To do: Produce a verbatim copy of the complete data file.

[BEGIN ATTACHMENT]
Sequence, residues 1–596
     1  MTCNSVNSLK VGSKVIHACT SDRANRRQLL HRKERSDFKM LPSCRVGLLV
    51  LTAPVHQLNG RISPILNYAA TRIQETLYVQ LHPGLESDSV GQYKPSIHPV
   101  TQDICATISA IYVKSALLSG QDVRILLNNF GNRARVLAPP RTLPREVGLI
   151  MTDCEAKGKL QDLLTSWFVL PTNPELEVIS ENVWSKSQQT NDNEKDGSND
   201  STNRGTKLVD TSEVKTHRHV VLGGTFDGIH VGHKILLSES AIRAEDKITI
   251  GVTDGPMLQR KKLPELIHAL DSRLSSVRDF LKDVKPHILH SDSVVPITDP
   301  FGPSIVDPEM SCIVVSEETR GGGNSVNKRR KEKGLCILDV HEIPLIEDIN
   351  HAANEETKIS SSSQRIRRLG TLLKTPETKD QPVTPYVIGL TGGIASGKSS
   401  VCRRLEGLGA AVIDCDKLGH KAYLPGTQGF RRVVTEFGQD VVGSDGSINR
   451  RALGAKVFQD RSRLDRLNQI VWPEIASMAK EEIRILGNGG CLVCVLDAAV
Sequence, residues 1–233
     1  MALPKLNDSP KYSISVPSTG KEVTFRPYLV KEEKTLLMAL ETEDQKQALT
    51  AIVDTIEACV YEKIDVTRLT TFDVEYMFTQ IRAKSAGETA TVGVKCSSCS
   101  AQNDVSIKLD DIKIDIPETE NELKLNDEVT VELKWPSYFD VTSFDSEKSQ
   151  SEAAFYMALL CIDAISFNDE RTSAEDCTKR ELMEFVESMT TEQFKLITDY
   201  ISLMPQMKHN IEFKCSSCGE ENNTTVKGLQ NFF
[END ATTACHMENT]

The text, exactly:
Sequence, residues 1–596
     1  MTCNSVNSLK VGSKVIHACT SDRANRRQLL HRKERSDFKM LPSCRVGLLV
    51  LTAPVHQLNG RISPILNYAA TRIQETLYVQ LHPGLESDSV GQYKPSIHPV
   101  TQDICATISA IYVKSALLSG QDVRILLNNF GNRARVLAPP RTLPREVGLI
   151  MTDCEAKGKL QDLLTSWFVL PTNPELEVIS ENVWSKSQQT NDNEKDGSND
   201  STNRGTKLVD TSEVKTHRHV VLGGTFDGIH VGHKILLSES AIRAEDKITI
   251  GVTDGPMLQR KKLPELIHAL DSRLSSVRDF LKDVKPHILH SDSVVPITDP
   301  FGPSIVDPEM SCIVVSEETR GGGNSVNKRR KEKGLCILDV HEIPLIEDIN
   351  HAANEETKIS SSSQRIRRLG TLLKTPETKD QPVTPYVIGL TGGIASGKSS
   401  VCRRLEGLGA AVIDCDKLGH KAYLPGTQGF RRVVTEFGQD VVGSDGSINR
   451  RALGAKVFQD RSRLDRLNQI VWPEIASMAK EEIRILGNGG CLVCVLDAAV
Sequence, residues 1–233
     1  MALPKLNDSP KYSISVPSTG KEVTFRPYLV KEEKTLLMAL ETEDQKQALT
    51  AIVDTIEACV YEKIDVTRLT TFDVEYMFTQ IRAKSAGETA TVGVKCSSCS
   101  AQNDVSIKLD DIKIDIPETE NELKLNDEVT VELKWPSYFD VTSFDSEKSQ
   151  SEAAFYMALL CIDAISFNDE RTSAEDCTKR ELMEFVESMT TEQFKLITDY
   201  ISLMPQMKHN IEFKCSSCGE ENNTTVKGLQ NFF